Critics’ Picks

View of “Production Site: The Artist’s Studio Inside-Out,” 2010. From left: William Kentridge, Tabula Rasa I, 2003; Balancing Act, 2003; Moveable Assets, 2003; Feats of Prestidigitation, 2003.

View of “Production Site: The Artist’s Studio Inside-Out,” 2010. From left: William Kentridge, Tabula Rasa I, 2003; Balancing Act, 2003; Moveable Assets, 2003; Feats of Prestidigitation, 2003.

Chicago

“Production Site: The Artist’s Studio Inside-Out”

Museum of Contemporary Art Chicago (MCA Chicago)
220 East Chicago Avenue
February 6–May 30, 2010

“Production Site” highlights the studio as a place of work, as well as a compelling aesthetic subject in itself. The “selected visual history of the artist’s studio”—installed on a wall directly outside the exhibition galleries, as an initial point of reference—includes a variety of iconic images: Jackson Pollock throwing his body into an “action” painting; Lee Bontecou in her New York studio, blowtorch in hand; Andy Warhol seated alone in his cavernous Factory. There’s even a film still of Julianne Moore as an “avant-garde feminist artist” from The Big Lebowski (1998).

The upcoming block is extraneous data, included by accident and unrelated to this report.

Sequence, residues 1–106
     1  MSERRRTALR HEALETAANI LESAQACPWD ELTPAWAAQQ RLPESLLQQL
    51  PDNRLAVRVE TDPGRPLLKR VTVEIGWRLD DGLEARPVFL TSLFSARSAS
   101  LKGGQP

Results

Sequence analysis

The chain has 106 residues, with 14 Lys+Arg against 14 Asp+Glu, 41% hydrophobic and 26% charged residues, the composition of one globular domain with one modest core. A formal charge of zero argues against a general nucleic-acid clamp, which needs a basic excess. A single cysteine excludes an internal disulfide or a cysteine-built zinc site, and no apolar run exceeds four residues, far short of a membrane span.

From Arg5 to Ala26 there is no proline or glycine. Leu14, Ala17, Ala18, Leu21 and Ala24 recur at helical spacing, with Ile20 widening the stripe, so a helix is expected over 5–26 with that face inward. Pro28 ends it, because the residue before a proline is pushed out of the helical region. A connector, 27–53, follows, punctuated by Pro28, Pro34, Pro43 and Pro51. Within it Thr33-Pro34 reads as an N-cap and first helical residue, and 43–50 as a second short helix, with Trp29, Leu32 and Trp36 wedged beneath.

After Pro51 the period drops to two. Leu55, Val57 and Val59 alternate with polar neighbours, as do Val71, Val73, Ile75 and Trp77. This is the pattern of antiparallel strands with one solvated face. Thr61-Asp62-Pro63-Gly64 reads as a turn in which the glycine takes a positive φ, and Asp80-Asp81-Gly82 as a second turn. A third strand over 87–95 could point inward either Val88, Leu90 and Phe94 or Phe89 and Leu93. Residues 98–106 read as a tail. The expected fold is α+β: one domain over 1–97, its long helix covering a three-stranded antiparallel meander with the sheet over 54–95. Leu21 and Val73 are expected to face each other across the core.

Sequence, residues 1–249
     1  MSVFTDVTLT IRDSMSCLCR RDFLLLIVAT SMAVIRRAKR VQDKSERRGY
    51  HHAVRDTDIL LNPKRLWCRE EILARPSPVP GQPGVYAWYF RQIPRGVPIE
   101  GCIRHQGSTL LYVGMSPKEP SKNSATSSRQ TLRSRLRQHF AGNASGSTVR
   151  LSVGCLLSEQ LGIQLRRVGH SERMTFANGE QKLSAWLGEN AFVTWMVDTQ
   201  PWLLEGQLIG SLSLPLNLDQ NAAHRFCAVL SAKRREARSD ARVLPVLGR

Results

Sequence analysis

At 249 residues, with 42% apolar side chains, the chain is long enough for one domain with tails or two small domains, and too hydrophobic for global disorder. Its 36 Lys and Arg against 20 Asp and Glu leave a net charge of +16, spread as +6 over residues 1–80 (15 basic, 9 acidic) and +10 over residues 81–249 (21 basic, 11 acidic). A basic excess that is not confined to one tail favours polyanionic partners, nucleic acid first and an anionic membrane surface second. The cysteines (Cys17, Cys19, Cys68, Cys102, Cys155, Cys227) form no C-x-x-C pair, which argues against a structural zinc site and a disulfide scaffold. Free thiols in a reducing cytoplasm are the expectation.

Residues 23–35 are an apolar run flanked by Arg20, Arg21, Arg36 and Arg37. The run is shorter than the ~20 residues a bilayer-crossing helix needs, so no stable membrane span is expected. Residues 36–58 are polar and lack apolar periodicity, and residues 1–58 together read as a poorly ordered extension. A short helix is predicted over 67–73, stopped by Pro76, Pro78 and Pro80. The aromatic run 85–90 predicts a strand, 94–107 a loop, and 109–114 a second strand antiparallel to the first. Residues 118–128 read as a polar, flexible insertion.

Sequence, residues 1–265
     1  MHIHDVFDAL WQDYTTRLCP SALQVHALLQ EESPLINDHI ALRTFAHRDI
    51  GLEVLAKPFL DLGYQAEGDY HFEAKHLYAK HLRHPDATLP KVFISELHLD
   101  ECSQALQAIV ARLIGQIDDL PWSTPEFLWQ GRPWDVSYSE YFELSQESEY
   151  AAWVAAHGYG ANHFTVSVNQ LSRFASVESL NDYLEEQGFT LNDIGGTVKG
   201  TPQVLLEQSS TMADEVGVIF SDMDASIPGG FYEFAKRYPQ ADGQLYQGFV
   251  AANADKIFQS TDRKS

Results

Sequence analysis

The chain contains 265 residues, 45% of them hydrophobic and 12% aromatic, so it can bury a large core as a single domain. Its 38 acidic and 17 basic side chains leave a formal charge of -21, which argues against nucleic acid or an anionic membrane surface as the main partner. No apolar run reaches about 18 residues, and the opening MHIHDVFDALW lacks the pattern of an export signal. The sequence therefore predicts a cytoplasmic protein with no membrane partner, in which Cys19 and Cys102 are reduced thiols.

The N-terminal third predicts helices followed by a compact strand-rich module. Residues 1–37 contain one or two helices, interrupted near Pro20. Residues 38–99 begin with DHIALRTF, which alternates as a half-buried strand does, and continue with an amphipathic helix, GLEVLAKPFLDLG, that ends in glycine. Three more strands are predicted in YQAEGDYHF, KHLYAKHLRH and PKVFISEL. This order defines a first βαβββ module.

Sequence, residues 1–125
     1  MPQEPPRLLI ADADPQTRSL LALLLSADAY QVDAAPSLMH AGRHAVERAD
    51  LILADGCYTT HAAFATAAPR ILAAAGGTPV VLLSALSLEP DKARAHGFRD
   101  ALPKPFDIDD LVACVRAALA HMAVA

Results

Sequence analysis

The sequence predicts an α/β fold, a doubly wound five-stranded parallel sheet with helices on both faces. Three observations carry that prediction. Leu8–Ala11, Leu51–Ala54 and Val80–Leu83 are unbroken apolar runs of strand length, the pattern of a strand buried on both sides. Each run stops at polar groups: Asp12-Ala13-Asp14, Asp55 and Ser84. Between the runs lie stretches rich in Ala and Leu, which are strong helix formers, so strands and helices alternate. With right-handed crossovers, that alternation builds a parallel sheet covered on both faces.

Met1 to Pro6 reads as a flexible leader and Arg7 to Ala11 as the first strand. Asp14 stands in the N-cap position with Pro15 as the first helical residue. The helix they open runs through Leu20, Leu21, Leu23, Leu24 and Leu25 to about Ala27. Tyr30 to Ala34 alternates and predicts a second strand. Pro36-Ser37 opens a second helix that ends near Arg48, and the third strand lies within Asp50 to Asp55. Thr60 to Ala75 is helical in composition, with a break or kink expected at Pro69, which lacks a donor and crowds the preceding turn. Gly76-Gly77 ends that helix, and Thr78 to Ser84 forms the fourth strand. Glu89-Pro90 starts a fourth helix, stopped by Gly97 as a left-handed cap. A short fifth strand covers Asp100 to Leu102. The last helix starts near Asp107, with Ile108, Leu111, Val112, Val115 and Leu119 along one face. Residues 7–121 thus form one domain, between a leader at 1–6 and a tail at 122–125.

This ancillary display reminds viewers that long-standing misperceptions about the nature of artists’ studios are inevitably linked to the clichés surrounding artists themselves. Perplexingly, however, it is also one of the few points in the exhibition where practitioners actually manifest an embodied presence. Mostly, they appear as trace elements: the whirling dervish of anxiety in Justin Cooper’s video Studio Visit, 2007; the hot white blob of infrared light shutting the studio door at night (Bruce Nauman, Mapping the Studio II, 2002); the covert operative who comes in to expand and edit her painting’s sprawling narrative only on Mondays, when the museum is closed (Deb Sokolow, You Tell People You’re Working Really Hard on Things These Days, 2010).

There are several memorable exceptions. Nikhil Chopra’s two-day gallery performance offered a brief but potent instance of an artist responding directly, if theatrically, to his immediate environment, while William Kentridge’s magnificent multichannel animation—a meditation on the medium’s place in the history of cinematic trickery—draws viewers into a space that feels authentically “magic,” despite all evidence to the contrary. It’s like walking into a waking dream.